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What: Durham Central Market owner-investment campaign pep rally

When: Sunday, Feb. 13, 6–8 p.m.

Where: The Trotter Building, 410 W. Geer St.

More info: The State of Things host Frank Stasio will emcee. Stuart Reid, executive director of the Food Co-op Initiative, will speak and Durham Cinematheque will show “fun foodie film clips.”Local chefs and restaurateurs from Four Square, Piedmont, The Mez, Toast, Watts Grocery and others will provide food. Members of the DCM board of directors, the project manager and volunteers will be available to answer questions.

Opinion about Durham Central Market tends to divide into two camps. The skeptics say that the co-op grocery store, already four years in the making, will never open. The other camp says: “What’s Durham Central Market?”

If built, DCM could improve grocery shopping in Durham and help put the city’s “buy local” money where its mouth is. It could galvanize the slowly developing northern part of downtown. It could serve as both a community gathering place and a polestar for the vibrant, nationally esteemed but still scattered Durham food constellation, whose most recognizable emblem is a moving target: the food truck.

Yet awareness of DCM, like its presence, remains dim and vague. The market’s only fixed signliterallystands in a vacant lot at the corner of Mangum and Broadway streets south of Old Five Points. “Coming Soon!” it promises. “Soon” has been pushed back a few times: August 2012 is the current projected opening date of a 10,000-square-foot grocery and caféabout the size of the Hillsborough Weaver Street Market and, like Weaver Street, community-owned.

“That’s what we want to be when we grow up,” says Don Moffitt, DCM’s project manager. Moffitt, who worked in upper management for Whole Foods for 18 years, praises Weaver Street’s financial success with the co-op model and aims to repeat it. “We have to compete,” he says. “If we can’t provide goods and services that are compelling to customersat competitive priceswe won’t succeed.”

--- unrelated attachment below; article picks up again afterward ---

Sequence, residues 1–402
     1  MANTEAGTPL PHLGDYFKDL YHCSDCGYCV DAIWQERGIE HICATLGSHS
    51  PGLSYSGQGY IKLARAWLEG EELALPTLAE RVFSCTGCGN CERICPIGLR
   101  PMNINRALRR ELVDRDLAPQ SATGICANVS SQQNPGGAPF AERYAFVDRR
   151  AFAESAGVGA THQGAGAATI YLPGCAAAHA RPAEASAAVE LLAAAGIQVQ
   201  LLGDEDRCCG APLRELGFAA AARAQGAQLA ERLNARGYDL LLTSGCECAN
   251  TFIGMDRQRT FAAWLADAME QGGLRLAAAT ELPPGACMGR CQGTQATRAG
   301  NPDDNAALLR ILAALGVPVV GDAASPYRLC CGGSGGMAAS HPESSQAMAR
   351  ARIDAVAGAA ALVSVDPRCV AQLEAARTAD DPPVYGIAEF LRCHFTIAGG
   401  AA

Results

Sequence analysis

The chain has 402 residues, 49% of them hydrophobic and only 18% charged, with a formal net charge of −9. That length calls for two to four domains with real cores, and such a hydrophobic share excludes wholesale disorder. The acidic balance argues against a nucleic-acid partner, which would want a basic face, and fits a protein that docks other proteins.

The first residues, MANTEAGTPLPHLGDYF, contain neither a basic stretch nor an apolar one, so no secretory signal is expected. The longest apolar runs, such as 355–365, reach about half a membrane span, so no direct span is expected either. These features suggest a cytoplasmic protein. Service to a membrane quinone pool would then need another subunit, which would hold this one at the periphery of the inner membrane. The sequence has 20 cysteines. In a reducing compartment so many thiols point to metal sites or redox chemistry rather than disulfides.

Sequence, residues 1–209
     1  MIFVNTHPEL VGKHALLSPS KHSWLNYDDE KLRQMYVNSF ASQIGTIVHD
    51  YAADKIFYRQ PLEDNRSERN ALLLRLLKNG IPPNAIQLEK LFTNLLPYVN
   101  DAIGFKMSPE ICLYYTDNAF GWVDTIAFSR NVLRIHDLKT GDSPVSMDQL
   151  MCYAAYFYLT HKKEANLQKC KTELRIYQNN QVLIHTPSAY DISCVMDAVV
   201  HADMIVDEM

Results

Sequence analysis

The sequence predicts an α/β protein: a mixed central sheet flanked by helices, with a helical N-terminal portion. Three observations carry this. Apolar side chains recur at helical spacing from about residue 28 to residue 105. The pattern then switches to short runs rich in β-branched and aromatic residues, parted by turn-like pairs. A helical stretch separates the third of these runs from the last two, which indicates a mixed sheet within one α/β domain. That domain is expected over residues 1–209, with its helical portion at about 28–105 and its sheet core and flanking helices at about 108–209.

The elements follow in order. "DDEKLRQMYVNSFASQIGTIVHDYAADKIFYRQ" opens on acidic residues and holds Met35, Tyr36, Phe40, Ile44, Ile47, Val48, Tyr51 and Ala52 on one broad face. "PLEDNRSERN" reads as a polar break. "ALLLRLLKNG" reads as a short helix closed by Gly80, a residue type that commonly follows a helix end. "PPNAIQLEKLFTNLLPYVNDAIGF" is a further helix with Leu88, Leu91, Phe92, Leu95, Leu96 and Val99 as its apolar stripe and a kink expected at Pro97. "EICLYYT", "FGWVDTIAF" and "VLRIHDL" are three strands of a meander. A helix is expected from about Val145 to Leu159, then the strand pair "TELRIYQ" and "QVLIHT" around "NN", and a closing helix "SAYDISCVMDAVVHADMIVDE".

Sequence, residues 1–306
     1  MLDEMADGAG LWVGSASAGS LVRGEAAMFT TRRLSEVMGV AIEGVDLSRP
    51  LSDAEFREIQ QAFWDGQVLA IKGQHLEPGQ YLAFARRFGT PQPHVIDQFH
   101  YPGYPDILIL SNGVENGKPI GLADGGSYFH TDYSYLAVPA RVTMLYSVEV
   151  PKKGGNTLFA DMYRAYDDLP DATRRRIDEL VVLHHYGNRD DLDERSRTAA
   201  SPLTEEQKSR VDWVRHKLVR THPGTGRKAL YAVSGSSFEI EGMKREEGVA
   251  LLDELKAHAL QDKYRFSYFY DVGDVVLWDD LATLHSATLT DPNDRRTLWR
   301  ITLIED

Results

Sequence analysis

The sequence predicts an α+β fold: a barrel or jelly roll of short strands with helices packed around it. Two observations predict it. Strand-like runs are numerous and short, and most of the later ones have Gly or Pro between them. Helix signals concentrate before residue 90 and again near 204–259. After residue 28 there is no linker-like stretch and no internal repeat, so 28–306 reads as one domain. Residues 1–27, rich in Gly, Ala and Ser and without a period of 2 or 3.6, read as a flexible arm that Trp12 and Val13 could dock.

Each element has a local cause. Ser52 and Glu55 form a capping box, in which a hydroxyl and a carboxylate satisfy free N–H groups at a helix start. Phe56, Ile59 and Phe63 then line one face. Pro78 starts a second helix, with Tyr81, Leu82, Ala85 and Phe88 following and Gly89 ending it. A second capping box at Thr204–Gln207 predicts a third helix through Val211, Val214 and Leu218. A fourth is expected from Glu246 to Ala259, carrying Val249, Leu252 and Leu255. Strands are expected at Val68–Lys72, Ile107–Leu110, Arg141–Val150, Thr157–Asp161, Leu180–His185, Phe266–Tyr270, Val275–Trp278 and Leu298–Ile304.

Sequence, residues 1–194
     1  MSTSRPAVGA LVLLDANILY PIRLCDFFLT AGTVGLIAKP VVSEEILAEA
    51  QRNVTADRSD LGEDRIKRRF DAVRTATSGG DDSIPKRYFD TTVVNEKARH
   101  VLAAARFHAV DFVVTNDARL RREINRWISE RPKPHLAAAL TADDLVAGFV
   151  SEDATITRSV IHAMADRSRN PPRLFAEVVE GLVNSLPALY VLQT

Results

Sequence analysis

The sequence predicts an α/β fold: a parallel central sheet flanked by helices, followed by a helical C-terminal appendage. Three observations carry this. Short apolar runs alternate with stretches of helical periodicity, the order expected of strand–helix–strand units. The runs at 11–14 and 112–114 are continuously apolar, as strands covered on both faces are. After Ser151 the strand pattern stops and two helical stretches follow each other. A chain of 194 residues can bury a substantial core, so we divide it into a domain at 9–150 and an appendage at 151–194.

Moffitt was initially among the skeptics. In fact, he rebuffed DCM’s job offer (paid hourly, he’s the only compensated employee), thinking that small grocery stores were untenable. The Durham Food Co-op folded in 2009 after a steep decline in membership and infighting among its boarda faction of which was already planning DCMand Moffitt doubted that Durham would embrace another co-op market. He also worried about the location, which isn’t near a large, high-density residential neighborhood.

But, Moffitt says, “I wasn’t aware that there’s a lot of 10,000-square-footand 5,000-square-foot groceriesin the co-op model.” Meanwhile, the DCM board responded to Moffitt’s concerns about the rather dilapidated stretch of Mangum Street by hiring a market analyst to evaluate the site. “There was no foot-dragging when [the board] understood what the issue was,” Moffitt says. “The market analyst came back and said, yeah, if you build a store here, it’ll work. It totally blew me away. We’ve had these thresholds, and we’ve gotten over them. This store’s gonna happen.”

The question is when. August 2012 is still 18 months away, but it seems very soon given DCM’s slow progress. The first fundraising phase, launched in July 2008, aimed to attract 1,000 “owners” (i.e., shareholders) at $100 a share; it is still 100 members short of its goal.

At a projected total cost of $4.2 million, DCM’s financial needs dwarf the current $90,000 in individual investmentseven with a small sprout loan ($25,000) from the National Co-op Bank and start-up funds from board members. And DCM has not actually purchased the land at Mangum and Broadway; it only has an option from the seller, which expires this year.

Ultimately the financing and execution of new construction are slowing DCM’s progress. “If we could find a building and just retrofit it, it would cost us a lot less,” Moffitt acknowledges. But the board was committed, for a number of reasons, to putting DCM in Central Park, between downtown and the well-established Old North Durham neighborhood. The areabound by Morris, Mangum, Geer and Morgan streetsis small, with few 10,000-square-foot buildings on lots ample enough to accommodate a lawn or patio, a loading dock, a waste disposal area andmost cruciallyparking.

“Unless people suddenly build 5,000 housing units in the area, [foot traffic] is not how we’re going to succeed,” Moffitt says. “Where we’re going to succeed is by building a business where people will drive from all over Durham to shop.”

New commercial construction is expensive. DCM board member Marilyn Butler recalls that Weaver Street Market, which she co-founded in 1988, cost less than $500,000 to open. The founders were able to use their own credit cards to help finance it. That method isn’t applicable to a $4.2 million store.